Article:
Single Parent, NASCAR fan has special day at the track
August 12, 2013
FORT WORTH, Texas - When planning any military mission, there are countless considerations to take. Several meetings between sections in a unit and different units must take place. Coordinated efforts between many different entities have to be made to support one another just to accomplish one goal. As similar, surprising a soldier to a visit with one of his heroes takes the same approach.
CNN's Headline News and Speedway Children's Charities were looking to highlight NASCAR driver Tony Stewart's "Smoke Show," which takes place annually at Texas Motor Speedway. At first, the plan was to invite Morning Express anchor Robin Meade to participate at the track. She instead brought up the idea to have a soldier from Fort Hood be given the opportunity that so many do not get. As this filtered through many channels to find a choice, one particular soldier who follows NASCAR as much as the most avid fan came to mind at III Corps, Fort Hood's operational headquarters. So through several "closed door" meetings and quiet phone calls, efforts were coordinated between commands and sections to insure Staff Sgt. Jason Thompson of HHC, 4th Sustainment Brigade, 13th Sustainment Command (Expeditionary) would be able to attend.
Besides being a great Tony Stewart and race fan, Thompson also is the sole custody parent of two special needs children. He works tirelessly for the Army and his unit day in and day out, but before first formation and after last formation, he works even harder taking care of his sons.
On the morning of Aug. 14 at the first formation of the day, the first surprise arrived for Thompson. A Headline News cameraman showed up at the formation, Thompson was called up to stand alongside of his first sergeant, who then read off the personal invite on behalf of the charity and Texas Motor Speedway.
"I knew something was up because everyone was acting really weird the last couple of days, but I had know idea what was going on," Thompson said after the formation. Col. Mark Simerly, 4th SB brigade commander, was as elated to shake Thompson's hand after formation and congratulate him on being selected as Thompson was to hear the news.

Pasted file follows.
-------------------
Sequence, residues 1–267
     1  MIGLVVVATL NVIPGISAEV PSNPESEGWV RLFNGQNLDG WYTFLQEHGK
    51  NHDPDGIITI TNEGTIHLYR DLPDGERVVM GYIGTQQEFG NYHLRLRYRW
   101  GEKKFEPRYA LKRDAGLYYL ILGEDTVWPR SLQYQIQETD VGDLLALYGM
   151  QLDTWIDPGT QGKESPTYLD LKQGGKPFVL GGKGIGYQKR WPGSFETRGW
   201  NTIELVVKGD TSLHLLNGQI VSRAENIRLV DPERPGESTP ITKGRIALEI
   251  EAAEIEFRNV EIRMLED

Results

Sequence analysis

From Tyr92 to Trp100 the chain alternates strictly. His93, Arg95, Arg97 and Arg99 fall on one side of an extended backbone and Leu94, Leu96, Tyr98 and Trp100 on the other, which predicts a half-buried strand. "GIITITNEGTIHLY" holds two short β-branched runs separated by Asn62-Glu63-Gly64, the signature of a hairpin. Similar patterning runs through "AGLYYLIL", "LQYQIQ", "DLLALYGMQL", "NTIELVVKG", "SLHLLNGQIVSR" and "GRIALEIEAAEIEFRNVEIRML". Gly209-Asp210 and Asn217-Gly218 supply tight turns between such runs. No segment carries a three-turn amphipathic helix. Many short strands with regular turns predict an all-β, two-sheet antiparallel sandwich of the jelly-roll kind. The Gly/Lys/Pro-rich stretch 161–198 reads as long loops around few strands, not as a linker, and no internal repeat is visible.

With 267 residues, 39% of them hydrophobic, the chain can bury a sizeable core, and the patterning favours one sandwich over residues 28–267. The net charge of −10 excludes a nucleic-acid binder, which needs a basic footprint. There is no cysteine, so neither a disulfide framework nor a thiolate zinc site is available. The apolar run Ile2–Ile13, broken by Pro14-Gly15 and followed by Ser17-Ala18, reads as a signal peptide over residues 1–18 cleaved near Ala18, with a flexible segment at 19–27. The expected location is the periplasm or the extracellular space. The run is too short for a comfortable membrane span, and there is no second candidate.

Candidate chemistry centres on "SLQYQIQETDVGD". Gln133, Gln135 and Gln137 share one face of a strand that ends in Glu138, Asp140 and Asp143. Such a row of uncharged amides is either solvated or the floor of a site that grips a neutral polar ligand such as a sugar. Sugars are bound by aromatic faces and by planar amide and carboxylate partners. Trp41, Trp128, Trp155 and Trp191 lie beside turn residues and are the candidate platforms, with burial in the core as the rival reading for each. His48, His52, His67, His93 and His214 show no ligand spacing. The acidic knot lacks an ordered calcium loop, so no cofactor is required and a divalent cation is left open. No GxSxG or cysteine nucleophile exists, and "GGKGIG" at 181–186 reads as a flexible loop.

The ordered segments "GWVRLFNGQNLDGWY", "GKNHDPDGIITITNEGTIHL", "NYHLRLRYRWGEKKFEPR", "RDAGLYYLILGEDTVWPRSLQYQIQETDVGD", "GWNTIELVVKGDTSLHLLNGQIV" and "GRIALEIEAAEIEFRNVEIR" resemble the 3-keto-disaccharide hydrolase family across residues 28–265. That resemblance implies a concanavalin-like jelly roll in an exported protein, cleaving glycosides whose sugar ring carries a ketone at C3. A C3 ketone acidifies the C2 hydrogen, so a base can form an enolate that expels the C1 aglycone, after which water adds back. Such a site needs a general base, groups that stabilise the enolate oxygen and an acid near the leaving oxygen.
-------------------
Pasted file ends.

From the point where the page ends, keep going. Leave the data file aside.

"This is just really great for him and I'm appreciative of everyone's help in pulling this off," said Simerly.
At this point, the excitement for Thompson was just getting started. Aaron Brodie of Headline News planned to shadow Thompson all day so he could get a sense, and be able to tell the story, of what a day in the life of a single father with two special needs children, serving on active duty military status, was like. Off they went into the day, with Thompson having to take both of his kids to appointments that morning. Brodie was able to visit the home, understand the many challenges and complications that just one day was like for the family. He said many times how impressed he was with Thompson's ability to maintain the lifestyle that a soldier faces daily, yet alone handling the responsibilities he's facing additionally day in and day out.
Arrangements were made for Thompson to stay at a hotel across the street from Texas Motor Speedway. They were also made so the children's childcare specialist and her family would be able to stay so he would have the help necessary for the next day's events.
Of course, with so much planning and many moving pieces, there always is risk of the unknown. That night, the unknown visited as massive thunderstorms visiting the Fort Worth area where the speedway is located. Racetracks are outside of course, so there was now a good chance all of this planning and effort may have been put on hold due to the weather. As it stormed on the next morning, many calls were made to figure out what to do. Thompson still was unaware that Tony Stewart was waiting nearby and a full day of racing was set to take place.